State Sen. Marilyn Moore, D-22nd, of Bridgeport, is seeking another two-year-term in a three-way-race that includes challengers Steve Choi, a Republican, and Stephen Dincher, an Independent Party candidate.
Moore answered questions posed by CT New Junkie, “a Connecticut news site that understands the usual media offerings just aren’t enough.” The site gave permission for The Sun to publish the Q & A so its readers can learn about the candidate:
What can be done to improve the business climate in Connecticut while COVID-19 continues to be a risk?
We should provide as much financial support as fiscally possible to support innovative ways that will allow businesses to relook their business model. It may mean supplying them the support of consultants who are experienced in rebranding their product or service.
What specific legislation would you support to reduce racism in Connecticut?
Legislation begins with an idea, it also begins in the mind of the person presenting it. I strongly support that every piece of legislation is questioned by legislators. The question should be “what role does racism play in this legislation and how does it impact BIPOC”?
With so much uncertainty ahead about COVID-19, how would you ensure that the people’s business – both at the legislature and in all of our elections – will be conducted effectively, and with full participation, in the safest possible manner for the foreseeable future?
We have learned that monitoring early on is a powerful weapon against spreading the virus. Business owners should be trained on precautions the same way a restaurant receives approval to do business there should be an ongoing evaluation that safety precautions are in place to protect the customers and cut back on the spread of the virus. Adopt a process, Implement, review, and evaluate on a consistent basis.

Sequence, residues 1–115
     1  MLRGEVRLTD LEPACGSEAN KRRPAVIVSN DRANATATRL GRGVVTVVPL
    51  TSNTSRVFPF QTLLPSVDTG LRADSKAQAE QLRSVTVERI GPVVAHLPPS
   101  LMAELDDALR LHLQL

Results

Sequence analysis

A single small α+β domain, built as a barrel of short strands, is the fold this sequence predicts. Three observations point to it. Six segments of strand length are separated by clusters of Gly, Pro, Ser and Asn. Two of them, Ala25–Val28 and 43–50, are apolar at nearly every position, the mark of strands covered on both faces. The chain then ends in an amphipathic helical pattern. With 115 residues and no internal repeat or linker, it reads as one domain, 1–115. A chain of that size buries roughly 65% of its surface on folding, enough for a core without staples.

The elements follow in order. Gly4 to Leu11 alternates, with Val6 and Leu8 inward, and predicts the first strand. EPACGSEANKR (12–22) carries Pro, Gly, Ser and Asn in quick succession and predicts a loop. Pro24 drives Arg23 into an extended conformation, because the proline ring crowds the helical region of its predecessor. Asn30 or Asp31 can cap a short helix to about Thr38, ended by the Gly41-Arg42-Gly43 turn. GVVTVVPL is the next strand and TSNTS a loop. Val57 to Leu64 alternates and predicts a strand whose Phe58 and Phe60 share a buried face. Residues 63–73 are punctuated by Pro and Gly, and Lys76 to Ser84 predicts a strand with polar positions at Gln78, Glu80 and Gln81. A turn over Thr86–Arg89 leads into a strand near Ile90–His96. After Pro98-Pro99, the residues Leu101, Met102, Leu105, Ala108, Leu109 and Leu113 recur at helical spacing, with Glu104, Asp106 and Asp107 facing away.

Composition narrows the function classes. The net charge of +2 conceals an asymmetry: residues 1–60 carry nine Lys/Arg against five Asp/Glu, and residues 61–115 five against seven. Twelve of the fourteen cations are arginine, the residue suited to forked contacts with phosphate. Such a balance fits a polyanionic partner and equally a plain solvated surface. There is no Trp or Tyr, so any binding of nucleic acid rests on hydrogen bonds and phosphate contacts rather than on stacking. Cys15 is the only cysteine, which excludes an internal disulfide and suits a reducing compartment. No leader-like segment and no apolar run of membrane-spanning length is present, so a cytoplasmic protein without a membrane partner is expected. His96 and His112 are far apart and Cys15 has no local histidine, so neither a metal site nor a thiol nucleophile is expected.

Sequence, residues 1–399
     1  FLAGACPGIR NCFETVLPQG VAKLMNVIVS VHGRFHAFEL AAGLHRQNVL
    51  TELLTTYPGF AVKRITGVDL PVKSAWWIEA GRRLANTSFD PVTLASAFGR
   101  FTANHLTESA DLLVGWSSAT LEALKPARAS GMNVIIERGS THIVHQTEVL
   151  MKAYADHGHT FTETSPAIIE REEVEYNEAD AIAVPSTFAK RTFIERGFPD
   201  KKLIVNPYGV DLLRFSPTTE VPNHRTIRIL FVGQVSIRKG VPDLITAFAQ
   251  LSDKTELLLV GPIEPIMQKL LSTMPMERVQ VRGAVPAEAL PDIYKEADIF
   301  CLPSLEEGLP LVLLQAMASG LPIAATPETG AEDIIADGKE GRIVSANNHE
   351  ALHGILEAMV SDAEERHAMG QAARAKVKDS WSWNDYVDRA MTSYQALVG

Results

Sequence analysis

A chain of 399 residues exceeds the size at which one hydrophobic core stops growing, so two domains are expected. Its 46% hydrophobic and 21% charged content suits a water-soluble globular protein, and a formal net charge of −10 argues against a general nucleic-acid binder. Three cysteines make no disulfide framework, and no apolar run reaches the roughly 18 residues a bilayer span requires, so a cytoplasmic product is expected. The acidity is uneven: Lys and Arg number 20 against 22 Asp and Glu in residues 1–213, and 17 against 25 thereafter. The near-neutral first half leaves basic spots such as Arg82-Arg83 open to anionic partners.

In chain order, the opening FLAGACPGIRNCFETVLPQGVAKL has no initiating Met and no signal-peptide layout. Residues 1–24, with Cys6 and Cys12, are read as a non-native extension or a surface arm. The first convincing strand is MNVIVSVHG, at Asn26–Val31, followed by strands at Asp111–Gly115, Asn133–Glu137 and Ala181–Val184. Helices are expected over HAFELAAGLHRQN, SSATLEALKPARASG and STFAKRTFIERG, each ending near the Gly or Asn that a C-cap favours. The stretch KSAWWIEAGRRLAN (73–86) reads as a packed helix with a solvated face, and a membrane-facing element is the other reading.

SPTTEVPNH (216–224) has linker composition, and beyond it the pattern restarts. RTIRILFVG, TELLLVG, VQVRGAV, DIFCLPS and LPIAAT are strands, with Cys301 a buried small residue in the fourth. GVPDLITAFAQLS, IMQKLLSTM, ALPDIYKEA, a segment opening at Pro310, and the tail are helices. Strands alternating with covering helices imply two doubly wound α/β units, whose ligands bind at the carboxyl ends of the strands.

What is one specific policy you support to help protect African Americans as an at-risk group during the pandemic?
This is a difficutlt question since the harm to AA has already been done by not testing early on in urban centers. Going forward I would place the responsibility on the chief executive of every city that has an at-risk population to communicate an emergency plan at the onset of a pandemic. Each urban center has a health director who whoul be prepared to implement a plan that focuses on at-risk groups. I would support legislation that codifies that cities submit their plans annually.
What should Connecticut do to re-tool our public health for COVID-19 and the possibility of future pandemics, while also addressing other chronic illnesses that put people at risk every day?
Clear, consise education in all languages should be available at all times. The same way we educate for chronic diseases, we must provide education at an education that is easy to comprehend and in several languages; not just spanish. Our state is diverse and our education should be inclusive of the diversity.
How can Connecticut lower healthcare costs while also improving quality and access to care?
Prevention is key to keeping people healthy. We must promote healthy eating, exercise,and offer affordable or free programs on teaching how to eat healthy and exercise. Places like the Y’s and Boy’s and Girls Clubs should increase their reach to children and engage them in exercise and health education. Contine to teach children how eat healthy and participate in growing their own vegetables in community garden. It begins with creating healthy habits among our children so they will become healthy adults. Healthcare costs can be lowered if we strive to be healthier and promote healthy living.